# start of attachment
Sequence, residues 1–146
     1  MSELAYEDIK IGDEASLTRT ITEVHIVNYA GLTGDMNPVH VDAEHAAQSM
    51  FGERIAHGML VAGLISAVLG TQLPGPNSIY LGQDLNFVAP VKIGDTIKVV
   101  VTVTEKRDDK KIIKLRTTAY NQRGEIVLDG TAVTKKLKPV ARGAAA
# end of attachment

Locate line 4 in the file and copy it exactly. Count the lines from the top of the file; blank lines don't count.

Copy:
   101  VTVTEKRDDK KIIKLRTTAY NQRGEIVLDG TAVTKKLKPV ARGAAA